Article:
Eviction nightmare on Main Street

The former occupants of a downtown Jo’burg warehouse have been forced to take shelter under a freeway on-ramp. (Paul Botes, M&G)

The former occupants of a downtown Jo’burg warehouse have been forced to take shelter under a freeway on-ramp. (Paul Botes, M&G)

While many Johannesburgers were relaxing over the festive season, the former residents of 238 Main Street in the east of the city spent Christmas under a bridge in the trendy Maboneng precinct.

About 40 people, ranging from bright-eyed toddlers to grey-haired pensioners, became the new residents of Berea Street, under the M2's Sivewright Avenue on-ramp and adjacent to Johannesburg's fashionable Arts on Main complex, on the morning of December 19.

The victims of a building hijacking, they claim they were served with an eviction order by the infamous Red Ants and members of the South African Police Service and forcibly removed from their home, apparently without warning, an opportunity to collect their belongings or any chance to organise alternative accommodation.

"It's unfair for them to just dump us on the street. Some of us have been staying there for a long time [some since 2002] and we paid our rent," Lungisani Langa, the unofficial spokesperson of the group, said.

Wedged between two busy thoroughfares, their new home consists of little more than a few dusty mattresses, tatty bags filled with clothes, a threadbare couch and two paraffin stoves. Chalk-inscribed graffiti on one of the pillars reads: "Homeless - Hopeless."

The rest of their belongings are in their former abode, which is welded shut and boarded up. The elderly say their medication is still in the building and mothers claim their children cannot get to their schoolbooks or uniforms. Two days after Christmas, baby Kwanele Makhaye was nearly born on the street but his mother Maki was rushed to the Hillbrow health precinct.

The residents paid a monthly rent of between R400 and R650 for informal lodgings in the disused "Radiator Centre" warehouse to Mthandeni Makhaya, who claimed to be the building's owner.

Above board
According to the housing deeds, Teyengwa Masawi is the owner of the building, which he bought in August 2009.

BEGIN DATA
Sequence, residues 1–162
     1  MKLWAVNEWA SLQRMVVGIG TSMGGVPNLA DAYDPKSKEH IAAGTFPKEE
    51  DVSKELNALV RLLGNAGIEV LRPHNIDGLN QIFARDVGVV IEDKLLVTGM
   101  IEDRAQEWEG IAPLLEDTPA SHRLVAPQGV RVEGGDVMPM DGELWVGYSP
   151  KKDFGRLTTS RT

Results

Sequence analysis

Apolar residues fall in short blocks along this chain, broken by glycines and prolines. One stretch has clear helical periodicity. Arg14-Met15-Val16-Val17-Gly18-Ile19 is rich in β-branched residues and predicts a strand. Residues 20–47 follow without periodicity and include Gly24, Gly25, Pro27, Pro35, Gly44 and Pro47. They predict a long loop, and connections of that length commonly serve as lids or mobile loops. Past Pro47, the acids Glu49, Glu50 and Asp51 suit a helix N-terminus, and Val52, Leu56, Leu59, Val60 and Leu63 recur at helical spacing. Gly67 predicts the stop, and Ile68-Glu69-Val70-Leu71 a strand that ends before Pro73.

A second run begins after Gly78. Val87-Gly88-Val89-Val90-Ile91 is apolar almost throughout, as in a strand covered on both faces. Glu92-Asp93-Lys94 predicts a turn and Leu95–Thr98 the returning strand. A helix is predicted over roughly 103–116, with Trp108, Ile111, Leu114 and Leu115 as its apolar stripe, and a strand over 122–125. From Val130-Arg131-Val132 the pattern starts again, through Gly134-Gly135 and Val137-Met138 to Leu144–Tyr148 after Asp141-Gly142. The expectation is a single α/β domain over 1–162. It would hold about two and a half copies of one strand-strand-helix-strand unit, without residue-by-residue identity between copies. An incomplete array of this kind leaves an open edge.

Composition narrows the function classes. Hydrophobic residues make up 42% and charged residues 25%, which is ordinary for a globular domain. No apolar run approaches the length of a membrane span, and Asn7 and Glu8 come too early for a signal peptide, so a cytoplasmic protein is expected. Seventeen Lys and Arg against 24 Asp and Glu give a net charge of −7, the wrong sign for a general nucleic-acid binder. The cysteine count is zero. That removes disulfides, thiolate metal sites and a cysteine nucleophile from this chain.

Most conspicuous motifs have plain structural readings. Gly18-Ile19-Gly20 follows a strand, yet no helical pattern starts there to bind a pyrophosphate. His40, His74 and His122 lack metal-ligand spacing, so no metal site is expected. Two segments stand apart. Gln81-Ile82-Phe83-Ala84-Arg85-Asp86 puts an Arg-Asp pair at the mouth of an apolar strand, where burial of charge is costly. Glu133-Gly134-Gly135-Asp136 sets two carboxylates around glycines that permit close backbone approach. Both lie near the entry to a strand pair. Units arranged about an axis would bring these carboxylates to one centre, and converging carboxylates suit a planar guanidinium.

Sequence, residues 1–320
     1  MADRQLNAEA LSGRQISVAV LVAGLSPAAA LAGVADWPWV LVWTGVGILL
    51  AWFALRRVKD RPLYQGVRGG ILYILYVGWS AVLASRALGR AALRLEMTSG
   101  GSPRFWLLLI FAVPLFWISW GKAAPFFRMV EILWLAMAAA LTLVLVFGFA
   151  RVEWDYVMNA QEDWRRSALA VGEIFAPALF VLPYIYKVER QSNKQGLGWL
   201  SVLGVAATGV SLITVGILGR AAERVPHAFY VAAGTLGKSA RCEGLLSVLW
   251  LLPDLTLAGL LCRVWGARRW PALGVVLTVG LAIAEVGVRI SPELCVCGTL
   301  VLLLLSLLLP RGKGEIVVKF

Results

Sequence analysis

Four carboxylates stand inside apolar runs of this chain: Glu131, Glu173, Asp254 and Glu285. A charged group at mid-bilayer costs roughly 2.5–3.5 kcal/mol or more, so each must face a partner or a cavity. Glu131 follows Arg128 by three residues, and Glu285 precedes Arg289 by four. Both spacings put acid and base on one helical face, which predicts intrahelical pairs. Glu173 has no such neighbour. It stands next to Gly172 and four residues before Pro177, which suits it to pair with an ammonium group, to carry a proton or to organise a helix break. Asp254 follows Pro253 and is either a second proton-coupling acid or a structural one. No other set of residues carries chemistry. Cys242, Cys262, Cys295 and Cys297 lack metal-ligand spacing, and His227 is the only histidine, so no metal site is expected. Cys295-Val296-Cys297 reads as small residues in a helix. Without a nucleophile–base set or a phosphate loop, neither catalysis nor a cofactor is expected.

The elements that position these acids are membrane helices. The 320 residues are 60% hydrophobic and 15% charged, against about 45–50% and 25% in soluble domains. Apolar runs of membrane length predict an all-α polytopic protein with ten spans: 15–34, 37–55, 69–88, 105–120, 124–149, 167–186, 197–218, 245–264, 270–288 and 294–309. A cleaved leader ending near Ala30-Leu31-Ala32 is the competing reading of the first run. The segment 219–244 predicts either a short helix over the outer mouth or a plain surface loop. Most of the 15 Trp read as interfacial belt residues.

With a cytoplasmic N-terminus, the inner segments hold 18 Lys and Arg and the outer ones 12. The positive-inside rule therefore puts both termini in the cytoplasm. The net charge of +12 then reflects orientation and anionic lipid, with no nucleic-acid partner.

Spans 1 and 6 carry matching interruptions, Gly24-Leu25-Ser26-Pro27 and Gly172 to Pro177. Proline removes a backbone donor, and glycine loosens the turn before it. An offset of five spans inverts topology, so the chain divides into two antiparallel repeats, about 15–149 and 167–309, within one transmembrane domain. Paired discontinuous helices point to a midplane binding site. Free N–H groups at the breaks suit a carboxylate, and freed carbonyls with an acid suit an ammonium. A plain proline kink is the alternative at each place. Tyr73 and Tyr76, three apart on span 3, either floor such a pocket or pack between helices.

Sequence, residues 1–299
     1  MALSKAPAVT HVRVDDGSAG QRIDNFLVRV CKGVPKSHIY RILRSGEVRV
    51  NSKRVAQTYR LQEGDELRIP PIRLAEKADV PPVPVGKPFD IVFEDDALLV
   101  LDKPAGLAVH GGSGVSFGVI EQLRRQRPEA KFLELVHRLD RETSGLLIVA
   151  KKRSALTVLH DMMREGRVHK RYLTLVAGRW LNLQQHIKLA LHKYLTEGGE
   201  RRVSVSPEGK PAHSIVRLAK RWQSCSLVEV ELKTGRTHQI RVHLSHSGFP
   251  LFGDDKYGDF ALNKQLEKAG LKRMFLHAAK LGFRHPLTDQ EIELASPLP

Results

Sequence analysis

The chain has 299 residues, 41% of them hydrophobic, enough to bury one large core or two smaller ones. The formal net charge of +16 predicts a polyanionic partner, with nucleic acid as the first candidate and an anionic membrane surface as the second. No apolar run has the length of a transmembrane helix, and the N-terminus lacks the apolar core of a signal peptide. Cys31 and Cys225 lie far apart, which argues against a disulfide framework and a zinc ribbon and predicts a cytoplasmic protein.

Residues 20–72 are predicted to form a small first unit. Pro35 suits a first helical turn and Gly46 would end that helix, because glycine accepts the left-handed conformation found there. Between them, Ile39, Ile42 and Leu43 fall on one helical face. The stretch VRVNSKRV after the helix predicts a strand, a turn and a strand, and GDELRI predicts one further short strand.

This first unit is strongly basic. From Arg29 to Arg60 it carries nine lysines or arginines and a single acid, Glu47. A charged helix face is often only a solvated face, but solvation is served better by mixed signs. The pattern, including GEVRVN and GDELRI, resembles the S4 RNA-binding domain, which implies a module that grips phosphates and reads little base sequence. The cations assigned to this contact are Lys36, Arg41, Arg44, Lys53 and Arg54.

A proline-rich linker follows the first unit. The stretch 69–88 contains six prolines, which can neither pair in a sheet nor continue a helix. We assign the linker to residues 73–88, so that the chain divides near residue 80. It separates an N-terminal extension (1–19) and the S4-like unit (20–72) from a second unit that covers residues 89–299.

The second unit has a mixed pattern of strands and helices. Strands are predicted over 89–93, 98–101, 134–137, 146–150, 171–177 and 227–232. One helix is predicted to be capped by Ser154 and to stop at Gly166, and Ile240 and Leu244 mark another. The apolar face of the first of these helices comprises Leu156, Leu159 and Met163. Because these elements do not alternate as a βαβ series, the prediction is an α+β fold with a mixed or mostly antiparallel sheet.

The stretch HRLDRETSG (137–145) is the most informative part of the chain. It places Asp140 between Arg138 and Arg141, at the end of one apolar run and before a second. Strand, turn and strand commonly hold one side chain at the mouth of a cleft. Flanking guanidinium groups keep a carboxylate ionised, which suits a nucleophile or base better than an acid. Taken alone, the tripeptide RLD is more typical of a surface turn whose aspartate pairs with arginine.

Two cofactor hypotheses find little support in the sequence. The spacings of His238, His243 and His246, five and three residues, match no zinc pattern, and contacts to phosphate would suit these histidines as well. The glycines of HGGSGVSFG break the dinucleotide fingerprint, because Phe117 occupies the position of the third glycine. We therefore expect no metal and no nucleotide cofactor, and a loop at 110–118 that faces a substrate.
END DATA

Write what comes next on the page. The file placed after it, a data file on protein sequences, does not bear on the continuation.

"The eviction process has been going on since 2010 when the ownership of the building was transferred," Masawi said.

The process was above board. "Adequate notices were issued to the people staying at the building.

"What was the basis of Mr Mak­haya renting out that building without legal title?"

The Centre for Applied Legal Studies (Cals) challenged the eviction order in the South Gauteng High Court but the matter was postponed to the end of January because of "legal inconsistencies in establishing the rightful owner of the building".

Although their current situation is almost untenable, most prefer to stay near to the building to ensure that their possessions are not stolen.

"It's too expensive to stay elsewhere and we need to get our belongings out of that building. We have nothing," Gugu Buthelezi said.

Humanitarian support
The city's department of housing has refused to get involved because of the "several legal elements at play". "The city makes no commitment to addressing the matter until an assessment and analysis is conducted and concluded," it said in a statement.

Other attempts have been made to help the displaced residents. "Members of the Mabo­neng community activated their respective networks to provide humanitarian support in an attempt to improve the evictees' situation," Hayleigh Evans, spokesperson for the precinct developers, Propertuity, said.

The Charities Aid Foundation of South Africa, which is based in Arts on Main, has engaged non-governmental organisations, social workers and legal advisers to assist in finding a solution.

"So far Bishop Paul Verryn of the Central Methodist Church generously responded to a call from Maboneng and came to the eviction site on  January 9 to work on possible short- and long-term solutions," Evans said.

But this help has been interpreted as an attempt to move residents away from the multimillion-rand precinct.

"They've asked us nicely to leave and are helping us find a place, but we can't move to these places," Buthelezi said.

This view is supported by Cals. "There has not been an effort to deal with the affected community in a responsible and sustainable manner," Kathleen Hardy, the Cals attorney handling the case, said.

But Evans said: "If anything, this event reminds everyone of the housing crisis in the country and can hopefully help to make the public aware of the problem that exists not only in the inner city but also all over greater Johannesburg."

 
Nickolaus Bauer

Nickolaus Bauer

Nickolaus Bauer is the Mail & Guardian's jack of all trades news reporter that chases down stories ranging from politics and sports to big business and social justice. Armed with an iPad, SLR camera, camcorder and dictaphone, he aims to fight ignorance and pessimism through written words, photographs and videos. He believes South Africa could be the greatest country in the world if only her citizens would give her a chance to flourish instead of dwell on the negativity. When he's not begging his sub-editors for an extra twenty minutes after deadline, he's also known to dabble in the occasional poignant column that will leave you mulling around in the depths of your psyche. The quintessential workaholic, you can also catch him doing sports on the weekday breakfast show on SAfm and presenting the SAfm Sports Special over the weekend. Read more from Nickolaus Bauer

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